What is an OODA Cycle?
John R. Boyd was a fighter pilot in the 1950s and US Air Force. He helped design the F-16 in the 1970s and then began to promote a concept called the OODA loop.
OODA is a supporter of Observation, Direction, Decision and Action. This is a prime example of how we make tactical decisions. Colonel Boyd corresponds to this time with the creation and promotion of the concept that has become a strategic hub for many military campaigns.
Many admit that the OODA loop concept is as powerful as it is in the military. But this is a powerful and simple tool for a person as it is for larger spaces. Especially when it comes to reducing work hours for employees … especially those with income.
An organized OODA button
In a paper written by Dr. Ray Curts and Douglas Campbell, "The dilemma of the decision maker in the OODA loop is the problem of data collection, storage, retrieval, manipulation and comparison." Is it equally true for someone sitting at their desks, trying to keep up with endless breaks and changing their priorities while completing assignments or projects? Collecting, storing, searching and manipulating … & # 39; The information is directly contributing to our stagnant and tense work environment. We tend to stumble as we try to take the steps needed to close our OODA loop.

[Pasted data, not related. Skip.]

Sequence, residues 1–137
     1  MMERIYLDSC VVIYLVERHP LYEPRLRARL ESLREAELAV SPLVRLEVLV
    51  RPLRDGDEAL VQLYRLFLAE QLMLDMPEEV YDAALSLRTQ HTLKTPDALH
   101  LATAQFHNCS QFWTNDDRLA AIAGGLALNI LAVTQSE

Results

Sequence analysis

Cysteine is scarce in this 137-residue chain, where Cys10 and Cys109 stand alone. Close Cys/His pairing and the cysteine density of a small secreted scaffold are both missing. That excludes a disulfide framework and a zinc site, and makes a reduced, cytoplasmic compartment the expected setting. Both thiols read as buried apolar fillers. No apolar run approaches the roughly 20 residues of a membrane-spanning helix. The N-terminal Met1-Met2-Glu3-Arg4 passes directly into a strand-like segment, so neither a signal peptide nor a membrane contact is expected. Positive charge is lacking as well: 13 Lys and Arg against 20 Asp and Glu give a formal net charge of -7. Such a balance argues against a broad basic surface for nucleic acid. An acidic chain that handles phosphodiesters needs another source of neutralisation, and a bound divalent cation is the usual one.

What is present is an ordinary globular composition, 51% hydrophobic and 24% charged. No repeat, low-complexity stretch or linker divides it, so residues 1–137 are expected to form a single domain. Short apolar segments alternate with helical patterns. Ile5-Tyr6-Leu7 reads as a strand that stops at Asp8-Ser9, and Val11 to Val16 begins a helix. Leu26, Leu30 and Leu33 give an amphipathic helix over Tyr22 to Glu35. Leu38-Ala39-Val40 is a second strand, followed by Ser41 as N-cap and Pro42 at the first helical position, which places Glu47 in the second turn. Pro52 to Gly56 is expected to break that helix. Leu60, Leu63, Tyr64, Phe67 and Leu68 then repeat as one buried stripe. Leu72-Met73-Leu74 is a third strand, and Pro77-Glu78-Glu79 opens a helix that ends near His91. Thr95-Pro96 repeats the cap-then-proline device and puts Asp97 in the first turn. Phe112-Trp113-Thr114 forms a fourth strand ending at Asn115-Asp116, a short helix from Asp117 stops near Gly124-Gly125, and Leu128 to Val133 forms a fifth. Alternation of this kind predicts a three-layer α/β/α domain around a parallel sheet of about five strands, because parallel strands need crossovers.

Simple does not mean easy
If the OODA loop concept can be seen as a simple process, it can be organized. But simple does not mean easy.
It is more difficult for some to observe your own habits or repetitive behaviors. Focusing yourself on both the big picture and the detail required involves a synergistic approach that can be both challenging and frustrating. Decision-making speaks directly to what I say; behavioral organization & # 39; … the biggest demon is dragging. And last but not least, moving and moving forward is something that requires us to take part in all three of the previous steps.
The costs of being unorganized are high and depend on how we manage our time. Low-income employees, higher costs, missed opportunities, slower response times in the customer service, poor team performance, stress and frustration are just a few. Generally, low fertility, accompanied by high-stress stress.
I mean … does your bike work?
Copyright (c) 2001 Cynthia Kyriazis. All rights reserved